By Amber Dance
Vaccinations lag behind in the Black community
The CDC issued a report last week on the demographics of those who received at least one shot during the first month of the vaccination campaign. Some groups were vaccinated at rates that matched their share of priority populations such as health care workers and nursing homes. But there was a glaring outlier in that Black adults made up only 5.4% of those vaccinated, about one-third of their numbers in those first-tier groups. State data show a similar pattern, reports AP.
Troublingly, race and ethnicity data were missing for nearly half the vaccine recipients in the CDC dataset, and many states haven’t reported that information at all. That lack of data will make it difficult to understand and address inequities going forward. “I’m very disturbed,” health equity researcher Maria Garcia told the San Francisco Chronicle. “I find it really hard to believe that that information truly isn’t available.”
Vaccine hesitancy is also fueling the problem. According to a survey by the U.S. Census Bureau, about a third of Black adults said they’d refuse a vaccine. The CDC reported that many nursing-home staffers declined a vaccine when first offered. Why? The reasons given to a recent Census Bureau survey include worries about side effects, concerns that others need it more, and lack of trust in the vaccine and the government providing it, reports the Wall Street Journal. Misinformation, compounded by trust issues, also plays a huge role in vaccine hesitancy, writes Christian Green in the Carolina Public Press. Some Black people point to past mistreatment such as the Tuskegee experiment, as well as persistent inequities and racism in health care as reasons to be suspicious of the vaccines.
Can AstraZeneca’s vaccine curb transmission?
Once people are vaccinated, they’re much less likely to get sick, but we don’t yet know if they can still harbor the virus and pass it on. Last week, researchers reported the results of tests for coronavirus in the noses of people who got the AztraZeneca/Oxford vaccine. Compared to those who weren’t immunized, the presence of positive swabs dropped by 67%, a number seized on in several news articles. British health secretary Matt Hancock concluded, “We now know that the Oxford vaccine also reduces transmission.”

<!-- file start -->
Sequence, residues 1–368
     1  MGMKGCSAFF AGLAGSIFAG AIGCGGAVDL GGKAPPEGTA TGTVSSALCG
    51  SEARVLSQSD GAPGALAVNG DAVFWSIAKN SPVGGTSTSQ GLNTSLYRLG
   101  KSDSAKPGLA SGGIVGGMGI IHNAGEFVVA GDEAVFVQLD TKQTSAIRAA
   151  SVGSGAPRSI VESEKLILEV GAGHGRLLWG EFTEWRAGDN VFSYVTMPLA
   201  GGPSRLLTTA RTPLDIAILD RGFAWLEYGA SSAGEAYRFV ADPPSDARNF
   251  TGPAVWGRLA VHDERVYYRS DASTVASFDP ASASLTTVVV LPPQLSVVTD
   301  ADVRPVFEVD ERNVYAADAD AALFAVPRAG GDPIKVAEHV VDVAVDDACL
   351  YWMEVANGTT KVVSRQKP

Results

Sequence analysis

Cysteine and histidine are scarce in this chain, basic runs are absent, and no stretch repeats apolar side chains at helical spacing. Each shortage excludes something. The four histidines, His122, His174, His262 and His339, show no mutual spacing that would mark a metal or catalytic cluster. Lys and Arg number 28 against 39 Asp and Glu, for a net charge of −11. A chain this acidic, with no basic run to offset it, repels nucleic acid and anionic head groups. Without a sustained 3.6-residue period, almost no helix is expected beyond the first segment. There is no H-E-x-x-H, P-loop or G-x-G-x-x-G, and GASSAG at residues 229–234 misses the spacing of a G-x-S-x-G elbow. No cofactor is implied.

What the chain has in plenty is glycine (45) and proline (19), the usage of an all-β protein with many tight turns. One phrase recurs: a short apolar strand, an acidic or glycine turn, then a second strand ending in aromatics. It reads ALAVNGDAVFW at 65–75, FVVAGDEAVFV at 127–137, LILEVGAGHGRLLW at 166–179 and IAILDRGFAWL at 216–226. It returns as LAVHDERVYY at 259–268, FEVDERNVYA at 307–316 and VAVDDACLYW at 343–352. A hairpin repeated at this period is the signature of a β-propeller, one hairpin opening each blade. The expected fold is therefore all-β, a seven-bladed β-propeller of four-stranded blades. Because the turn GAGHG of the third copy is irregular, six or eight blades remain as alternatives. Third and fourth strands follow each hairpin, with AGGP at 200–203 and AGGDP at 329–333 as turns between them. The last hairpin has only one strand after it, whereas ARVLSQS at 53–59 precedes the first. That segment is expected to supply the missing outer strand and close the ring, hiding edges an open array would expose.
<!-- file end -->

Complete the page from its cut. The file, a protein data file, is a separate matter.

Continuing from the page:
Not so fast, epidemiologists and journalists quickly responded. “The paper, which has not yet been peer-reviewed, does not prove or even claim that — although it hints at the possibility,” wrote Matthew Herper and Helen Branswell in STAT.
On the bright side, the study does suggest that delaying the second dose of the AstraZeneca vaccine, as some nations are already doing, is an OK strategy. There’s a big caveat, though: it’s possible that a bunch of people running around half-vaccinated could provide the perfect crucible for the emergence of vaccine-resistant variants, warns Chris Baraniuk at The Scientist.
One vaccine may also be sufficient for people who’ve already had Covid-19, according to another not-yet-reviewed study, with the vaccine acting as a booster. However, I suspect U.S. regulators will be hesitant to change to one-dose plans that haven’t been specifically tested in a clinical trial. Anthony Fauci says the nation will continue to follow the data from large trials.
I got my shots, so can I live again?
As of Thursday, 6.9 million people in the U.S. were fully vaccinated against COVID-19. So, can these lucky folks gleefully carouse the mall, bestow hugs and share meals? Not quite. According to the CDC and many experts, the advice remains unchanged: Mask up, hunker down, and hail the six-foot social distance. “The vaccine is not a get-out-of-jail-free card,” Melanie Swift, who is co-leading vaccine distribution at the Mayo Clinic, told the Washington Post.
But as a headline in The Atlantic blares, “Vaccinated People Are Going to Hug Each Other.” In the piece, epidemiologist Julia Marcus notes that health officials in the European Union are more upbeat about the prospect of vaccinated folks returning to some semblance of normal life. David Leonhardt at The New York Times suggests that by underselling the vaccines’ efficacy — which is really quite good, superb even — experts are undermining public trust. Think about it: If you’ve heard about the sometimes-whopping side effects of vaccination, you’ve been told you have to follow the same safety rules after vaccination, and it’s next to impossible to get a vaccine appointment, it might seem like it’s not worth the effort. That’s a failure of messaging, experts tell Leonhardt. “It’s going to save your life — that’s where the emphasis has to be right now,” Dr. Peter Hotez of Baylor College of Medicine told him.
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